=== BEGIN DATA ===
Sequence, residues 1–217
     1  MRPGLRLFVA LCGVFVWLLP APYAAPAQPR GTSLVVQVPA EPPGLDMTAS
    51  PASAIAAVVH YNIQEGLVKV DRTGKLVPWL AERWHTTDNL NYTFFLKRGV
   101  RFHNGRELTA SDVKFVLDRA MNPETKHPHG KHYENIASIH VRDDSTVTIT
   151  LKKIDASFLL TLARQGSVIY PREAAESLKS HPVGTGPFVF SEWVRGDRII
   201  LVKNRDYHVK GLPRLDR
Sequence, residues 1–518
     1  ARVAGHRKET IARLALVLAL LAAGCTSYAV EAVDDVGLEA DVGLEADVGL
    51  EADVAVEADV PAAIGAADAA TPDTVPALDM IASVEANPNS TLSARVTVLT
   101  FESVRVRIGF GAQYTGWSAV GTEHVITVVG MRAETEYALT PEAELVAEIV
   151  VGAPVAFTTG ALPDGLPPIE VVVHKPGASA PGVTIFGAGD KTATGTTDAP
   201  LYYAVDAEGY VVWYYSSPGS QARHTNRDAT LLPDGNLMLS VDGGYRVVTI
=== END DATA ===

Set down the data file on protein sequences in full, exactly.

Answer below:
Sequence, residues 1–217
     1  MRPGLRLFVA LCGVFVWLLP APYAAPAQPR GTSLVVQVPA EPPGLDMTAS
    51  PASAIAAVVH YNIQEGLVKV DRTGKLVPWL AERWHTTDNL NYTFFLKRGV
   101  RFHNGRELTA SDVKFVLDRA MNPETKHPHG KHYENIASIH VRDDSTVTIT
   151  LKKIDASFLL TLARQGSVIY PREAAESLKS HPVGTGPFVF SEWVRGDRII
   201  LVKNRDYHVK GLPRLDR
Sequence, residues 1–518
     1  ARVAGHRKET IARLALVLAL LAAGCTSYAV EAVDDVGLEA DVGLEADVGL
    51  EADVAVEADV PAAIGAADAA TPDTVPALDM IASVEANPNS TLSARVTVLT
   101  FESVRVRIGF GAQYTGWSAV GTEHVITVVG MRAETEYALT PEAELVAEIV
   151  VGAPVAFTTG ALPDGLPPIE VVVHKPGASA PGVTIFGAGD KTATGTTDAP
   201  LYYAVDAEGY VVWYYSSPGS QARHTNRDAT LLPDGNLMLS VDGGYRVVTI